JACKSONVILLE – Gardner Minshew II is staying strong.
Yes, the Jaguars have struggled in recent weeks – and the second-year quarterback has had his share of struggles during that time, too. Yes, a five-game losing streak is difficult.
But no, Minshew hasn't lost faith – either in himself or the Jaguars' direction overall.
"It's these trials that produce perseverance, and that produce endurance," Minshew said late Wednesday afternoon as the Jaguars (1-5) prepared to play the Los Angeles Chargers (1-4) at SoFi Stadium in Inglewood, Calif., Sunday at 4:25 p.m.
"There's no shortcut to get there. You don't have all easy times and then everything just all of a sudden is just going to work out for you."
The Jaguars, after a strong start to the season offensively with 28.5 points in Weeks 1 and 2, have averaged 15 points a game in the last four games. They also have struggled in the red zone the last two weeks, with four of their nine possessions inside the 20 during that span ending with no points.
Minshew this season past Sunday passed for a touchdown with an interception and a lost fumble in a 34-16 loss to the Detroit Lions. Offensive coordinator Jay Gruden, asked about Minshew Wednesday, said his counsel to the young quarterback has been: "Keep preparing."
"There's a lot on a quarterback's plate and he's a young player," Gruden said. "He's continuing to learn and grasp it. We don't expect perfection right now. We're going to have growing pains here and there. It's our job to try to protect him and put him in the best situation as possible."
Frustration has been a topic among Jaguars observers and players this week, with Minshew during his weekly videoconference Wednesday saying: "Sometimes, you have to go through these tough spots."
"We're growing a lot as a team right now and I really do believe we're going to come out better on the other side of this," Minshew said. "It's easy to get frustrated. It's sometimes hard to find the bright side of the things. That's what we have to do. That's what we are doing right now.
"We have everybody trying to pull together, trying to find solutions – we've had some great conversations already this week – and getting back to that excitement that we were playing with earlier in the year."
Jaguars Head Coach Doug Marrone on Wednesday discussed the loss of defensive end Jabaal Sheard, who the New York Giants on Tuesday signed to their active roster from the Jaguars' practice squad. Sheard, a 10-year veteran, signed to the Jaguars' practice squad October 12 and had two quarterback hurries and a pass defensed in a 34-16 loss to the Detroit Lions Sunday. Sheard played that game elevated from the practice squad under the NFL's COVID-19 rules allowing practice-squad players to be active in game. "Jabaal, he's a veteran guy, he's been around a long time," Marrone said. "[The] thought process was, 'Hey, let's bring him in just to make sure we cover ourselves with [second-year defensive end] Josh Allen being out.' He played eight snaps [against Detroit] and then we looked at, 'Okay, well Josh is going to be coming back, so how can we get him snaps and keep [defensive ends] K'Lavon [Chaisson] going and [Dawuane] Smoot and a couple of the other guys?' So, we couldn't really guarantee a lot of snaps and a veteran guy is going to make a move where he can go there [New York Giants] and get increased playing time."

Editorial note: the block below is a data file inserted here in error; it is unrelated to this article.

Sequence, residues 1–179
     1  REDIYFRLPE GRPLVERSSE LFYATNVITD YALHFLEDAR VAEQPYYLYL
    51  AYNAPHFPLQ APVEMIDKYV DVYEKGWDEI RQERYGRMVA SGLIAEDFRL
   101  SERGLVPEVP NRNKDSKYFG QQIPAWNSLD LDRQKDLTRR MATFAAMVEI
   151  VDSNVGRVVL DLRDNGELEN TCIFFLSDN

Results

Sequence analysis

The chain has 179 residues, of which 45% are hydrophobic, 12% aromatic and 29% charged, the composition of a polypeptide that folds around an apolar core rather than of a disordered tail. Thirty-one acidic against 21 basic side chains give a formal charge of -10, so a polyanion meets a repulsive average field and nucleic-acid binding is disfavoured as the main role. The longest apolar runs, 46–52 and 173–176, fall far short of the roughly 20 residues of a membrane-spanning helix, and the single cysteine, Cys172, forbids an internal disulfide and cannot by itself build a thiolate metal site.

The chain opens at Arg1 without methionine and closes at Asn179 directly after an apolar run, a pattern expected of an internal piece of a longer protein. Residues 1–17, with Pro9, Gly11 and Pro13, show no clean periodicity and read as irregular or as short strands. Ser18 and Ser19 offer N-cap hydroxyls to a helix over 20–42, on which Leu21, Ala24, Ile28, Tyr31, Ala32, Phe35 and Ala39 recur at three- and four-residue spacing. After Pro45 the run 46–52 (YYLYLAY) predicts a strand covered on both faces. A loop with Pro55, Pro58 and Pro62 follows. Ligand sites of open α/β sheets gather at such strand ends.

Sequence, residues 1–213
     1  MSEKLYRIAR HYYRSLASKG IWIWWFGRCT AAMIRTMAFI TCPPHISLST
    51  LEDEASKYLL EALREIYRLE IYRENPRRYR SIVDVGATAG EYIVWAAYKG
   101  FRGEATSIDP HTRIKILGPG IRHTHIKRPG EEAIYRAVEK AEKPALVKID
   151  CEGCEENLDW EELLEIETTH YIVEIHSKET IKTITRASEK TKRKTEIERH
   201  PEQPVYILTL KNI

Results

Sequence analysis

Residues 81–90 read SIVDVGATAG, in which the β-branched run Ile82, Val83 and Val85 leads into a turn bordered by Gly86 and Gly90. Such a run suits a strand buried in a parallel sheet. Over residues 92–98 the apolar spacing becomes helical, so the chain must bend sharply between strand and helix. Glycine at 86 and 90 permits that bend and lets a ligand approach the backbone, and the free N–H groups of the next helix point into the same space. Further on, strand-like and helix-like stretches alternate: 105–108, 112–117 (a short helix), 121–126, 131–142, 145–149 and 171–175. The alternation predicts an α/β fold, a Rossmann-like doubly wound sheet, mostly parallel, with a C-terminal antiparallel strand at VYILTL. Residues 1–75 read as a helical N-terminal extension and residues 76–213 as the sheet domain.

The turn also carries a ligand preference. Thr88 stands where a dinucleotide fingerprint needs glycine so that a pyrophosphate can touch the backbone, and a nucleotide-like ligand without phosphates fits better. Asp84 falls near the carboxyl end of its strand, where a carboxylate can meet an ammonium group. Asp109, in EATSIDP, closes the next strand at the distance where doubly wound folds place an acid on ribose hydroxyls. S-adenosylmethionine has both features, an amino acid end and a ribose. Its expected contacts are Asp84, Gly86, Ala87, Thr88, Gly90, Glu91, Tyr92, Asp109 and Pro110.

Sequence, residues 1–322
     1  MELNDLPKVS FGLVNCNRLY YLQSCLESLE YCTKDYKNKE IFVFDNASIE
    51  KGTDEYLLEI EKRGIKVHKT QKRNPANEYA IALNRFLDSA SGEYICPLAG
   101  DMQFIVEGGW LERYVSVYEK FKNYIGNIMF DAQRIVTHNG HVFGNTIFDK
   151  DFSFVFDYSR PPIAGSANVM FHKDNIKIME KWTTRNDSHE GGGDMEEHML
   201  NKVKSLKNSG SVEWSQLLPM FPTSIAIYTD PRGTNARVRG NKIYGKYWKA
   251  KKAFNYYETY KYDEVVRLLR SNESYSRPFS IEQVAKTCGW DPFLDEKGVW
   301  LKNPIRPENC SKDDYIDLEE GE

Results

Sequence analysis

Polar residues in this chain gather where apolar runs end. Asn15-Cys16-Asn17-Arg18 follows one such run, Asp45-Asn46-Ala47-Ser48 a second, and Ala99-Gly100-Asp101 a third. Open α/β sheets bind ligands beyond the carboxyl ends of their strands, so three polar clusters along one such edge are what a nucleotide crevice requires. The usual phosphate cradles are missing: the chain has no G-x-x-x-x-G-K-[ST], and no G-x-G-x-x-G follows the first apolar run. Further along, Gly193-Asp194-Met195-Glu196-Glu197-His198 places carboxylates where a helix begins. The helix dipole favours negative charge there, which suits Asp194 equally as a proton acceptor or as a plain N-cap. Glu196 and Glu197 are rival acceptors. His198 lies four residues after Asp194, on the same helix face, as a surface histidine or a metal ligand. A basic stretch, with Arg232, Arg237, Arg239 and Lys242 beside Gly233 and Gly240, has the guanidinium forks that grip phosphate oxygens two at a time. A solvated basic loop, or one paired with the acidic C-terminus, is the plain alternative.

The Jaguars rushed for a season-low 44 yards against Detroit, with a major reason being the Lions' approach of using a "Bear" defense with eight and sometimes nine defenders playing close to the line of scrimmage. Gruden said the Jaguars tried to force the run early without much success, adding: "They were basically daring us to throw it. We probably should have gone to the pass a little bit sooner and let the pass set up the run as the game went on. They did a great job, so hat's off to Detroit." Gruden said a similar approach can be expected from the Chargers and former Jaguars Head Coach Gus Bradley, now the Chargers' defensive coordinator: "I think this week you'll see a lot of loaded boxes. They're going to give you seven [defenders] in the box in 11 personnel (three wide receivers, one tight end, one running back] and eight in the box in your regular and two-tight-end and three-tight-end sets. We're going to have to get them blocked."
Minshew: "Football, at the end of the day, is execution – who can execute more consistently. That's something we're still working on."